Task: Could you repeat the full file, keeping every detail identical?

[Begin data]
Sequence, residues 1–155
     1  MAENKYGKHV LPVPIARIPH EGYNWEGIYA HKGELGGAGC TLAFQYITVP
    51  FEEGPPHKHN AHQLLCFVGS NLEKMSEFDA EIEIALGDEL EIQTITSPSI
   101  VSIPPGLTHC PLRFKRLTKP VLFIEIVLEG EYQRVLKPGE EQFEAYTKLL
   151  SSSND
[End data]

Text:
Sequence, residues 1–155
     1  MAENKYGKHV LPVPIARIPH EGYNWEGIYA HKGELGGAGC TLAFQYITVP
    51  FEEGPPHKHN AHQLLCFVGS NLEKMSEFDA EIEIALGDEL EIQTITSPSI
   101  VSIPPGLTHC PLRFKRLTKP VLFIEIVLEG EYQRVLKPGE EQFEAYTKLL
   151  SSSND